I'm so proud my little offspring. I believe (and since to my knowledge none of the kids' teachers read the blog no one's going to correct me if I'm wrong) that we're raising two children who behave well (except for their Mama) and vigorously enjoy learning and exploring and interacting with all sorts of people, young and old. They've both mostly come home each day happy and charged up and excited to share what they've been doing.
Honestly? It amazes me that these two vital pieces of me go out into the world and BOOM! are their own people. When you think of having children, when you're pregnant and then nursing tiny newborns, then cooing over infant smiles, then chasing crazy toddlers, you just feel like you're their world, and they're yours, and how was it ever not that way, and how could it ever not be that way again? But then you ease them gently into the world, little by little, and the world accepts them, and they accept others into their lives and hearts, and before you know it, you're sitting over breakfast being told that Mrs. Cappachio says you should drink plenty of water, whether you're cold or hot, and that fried foods and butter are dietary no-nos. (GASP!) Or you're rocking a little guy before bed, singing Icky Bicky 'Pider and he raises his little arms to show you the RIGHT way to make the rain come down, see, like Ms. Carla does it.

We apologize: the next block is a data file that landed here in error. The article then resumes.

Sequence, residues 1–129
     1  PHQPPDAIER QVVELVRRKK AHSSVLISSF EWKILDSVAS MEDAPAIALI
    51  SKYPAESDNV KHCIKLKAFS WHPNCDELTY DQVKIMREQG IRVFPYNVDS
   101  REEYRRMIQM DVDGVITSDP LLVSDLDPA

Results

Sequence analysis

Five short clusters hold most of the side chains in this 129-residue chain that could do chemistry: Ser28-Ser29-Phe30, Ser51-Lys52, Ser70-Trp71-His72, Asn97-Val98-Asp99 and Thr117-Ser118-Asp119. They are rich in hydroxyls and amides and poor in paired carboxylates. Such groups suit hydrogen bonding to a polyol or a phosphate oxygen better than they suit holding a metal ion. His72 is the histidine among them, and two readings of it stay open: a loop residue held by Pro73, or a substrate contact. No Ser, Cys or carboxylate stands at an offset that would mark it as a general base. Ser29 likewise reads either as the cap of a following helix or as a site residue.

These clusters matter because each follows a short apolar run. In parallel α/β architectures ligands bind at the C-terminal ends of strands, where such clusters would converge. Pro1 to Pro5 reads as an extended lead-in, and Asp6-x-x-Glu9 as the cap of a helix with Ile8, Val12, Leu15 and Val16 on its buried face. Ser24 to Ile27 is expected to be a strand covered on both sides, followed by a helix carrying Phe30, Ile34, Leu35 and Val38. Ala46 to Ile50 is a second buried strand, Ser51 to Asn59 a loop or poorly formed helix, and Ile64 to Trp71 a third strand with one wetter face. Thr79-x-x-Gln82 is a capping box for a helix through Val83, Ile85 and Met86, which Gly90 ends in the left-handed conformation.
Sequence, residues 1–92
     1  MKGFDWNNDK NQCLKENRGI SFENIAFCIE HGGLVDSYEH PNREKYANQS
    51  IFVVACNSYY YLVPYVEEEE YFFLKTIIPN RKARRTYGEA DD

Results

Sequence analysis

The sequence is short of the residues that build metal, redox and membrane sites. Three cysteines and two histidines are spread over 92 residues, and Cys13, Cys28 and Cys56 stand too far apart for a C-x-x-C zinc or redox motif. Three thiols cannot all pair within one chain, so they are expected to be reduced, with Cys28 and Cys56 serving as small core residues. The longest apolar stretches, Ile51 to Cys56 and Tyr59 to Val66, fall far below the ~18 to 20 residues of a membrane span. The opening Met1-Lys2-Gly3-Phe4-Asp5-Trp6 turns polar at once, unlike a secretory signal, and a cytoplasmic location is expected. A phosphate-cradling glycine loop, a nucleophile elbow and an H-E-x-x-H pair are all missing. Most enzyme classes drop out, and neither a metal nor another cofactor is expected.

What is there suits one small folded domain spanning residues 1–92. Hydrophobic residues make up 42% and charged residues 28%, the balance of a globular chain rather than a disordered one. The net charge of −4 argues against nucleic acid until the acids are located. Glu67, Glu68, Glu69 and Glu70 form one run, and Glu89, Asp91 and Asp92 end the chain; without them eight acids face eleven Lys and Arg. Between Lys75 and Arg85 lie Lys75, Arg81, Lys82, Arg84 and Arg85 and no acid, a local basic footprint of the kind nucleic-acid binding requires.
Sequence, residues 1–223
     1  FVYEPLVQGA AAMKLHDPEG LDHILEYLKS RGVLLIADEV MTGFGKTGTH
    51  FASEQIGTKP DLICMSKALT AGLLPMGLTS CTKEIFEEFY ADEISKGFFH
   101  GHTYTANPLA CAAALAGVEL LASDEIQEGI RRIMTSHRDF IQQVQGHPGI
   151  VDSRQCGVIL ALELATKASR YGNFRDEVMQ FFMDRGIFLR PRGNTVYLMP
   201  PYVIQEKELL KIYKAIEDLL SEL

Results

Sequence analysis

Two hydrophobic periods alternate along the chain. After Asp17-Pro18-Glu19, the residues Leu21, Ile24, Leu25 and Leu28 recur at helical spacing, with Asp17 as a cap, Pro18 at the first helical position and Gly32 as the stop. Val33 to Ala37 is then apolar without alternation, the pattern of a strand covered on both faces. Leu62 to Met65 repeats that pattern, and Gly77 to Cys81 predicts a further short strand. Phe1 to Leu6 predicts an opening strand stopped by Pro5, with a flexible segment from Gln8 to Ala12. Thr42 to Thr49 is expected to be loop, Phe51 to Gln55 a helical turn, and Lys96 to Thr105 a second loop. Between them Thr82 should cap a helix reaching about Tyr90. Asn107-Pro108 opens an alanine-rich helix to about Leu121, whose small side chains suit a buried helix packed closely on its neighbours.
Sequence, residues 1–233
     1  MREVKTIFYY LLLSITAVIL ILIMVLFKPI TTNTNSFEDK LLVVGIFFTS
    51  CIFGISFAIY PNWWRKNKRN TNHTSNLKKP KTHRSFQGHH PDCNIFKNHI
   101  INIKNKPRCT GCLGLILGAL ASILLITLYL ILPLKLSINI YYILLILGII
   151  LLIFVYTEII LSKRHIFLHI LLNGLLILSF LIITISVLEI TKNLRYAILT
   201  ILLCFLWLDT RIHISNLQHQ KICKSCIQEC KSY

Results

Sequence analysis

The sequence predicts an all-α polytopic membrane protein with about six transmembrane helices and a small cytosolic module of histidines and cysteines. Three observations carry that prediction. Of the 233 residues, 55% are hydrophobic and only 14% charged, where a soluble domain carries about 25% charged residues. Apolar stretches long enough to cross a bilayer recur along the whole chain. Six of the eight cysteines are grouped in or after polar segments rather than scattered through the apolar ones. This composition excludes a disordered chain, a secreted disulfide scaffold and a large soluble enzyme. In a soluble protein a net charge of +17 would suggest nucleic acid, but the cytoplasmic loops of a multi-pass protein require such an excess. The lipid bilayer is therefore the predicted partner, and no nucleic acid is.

And it just makes me smile. And sigh peacefully. And feel achingly glad my kids are open to more than just me, will adapt to more than just my ways, can readily appreciate diverse ways of thinking, and, blessing of all blessings, in turn be loved and cherished for who they are by people outside of their teeny-tiny little world here at home. That teachers hug my children, kiss their boo-boos, understand their gibberish, and laugh at their odd little idiosyncrasies and even call them by the silly nicknames we've given them brings me enormous comfort, joy, and pride, and lets me know their eventual departure from under my proverbial petticoats for good and all has begun well -- warmly, and gently, just as I would write it, if I could write the story of their leaving us.
It's been a good year. A year of growing, changing, laughing, stretching, of pulling apart and of coming together. Bean can read, calculate how much five nickels are worth in cents, tell the time and tie her own shoes. Peabody knows his colors, recognizes all of the letters and counts to twenty. And best of all, they've learned these things in places and with people who've kept them feeling safe, and loved, and special. My gratitude for what these, their first teachers, have done to lay the foundation for their feelings and enthusiasm about school and learning, knows absolutely no bounds. NONE.
I really just couldn't have asked for a better start.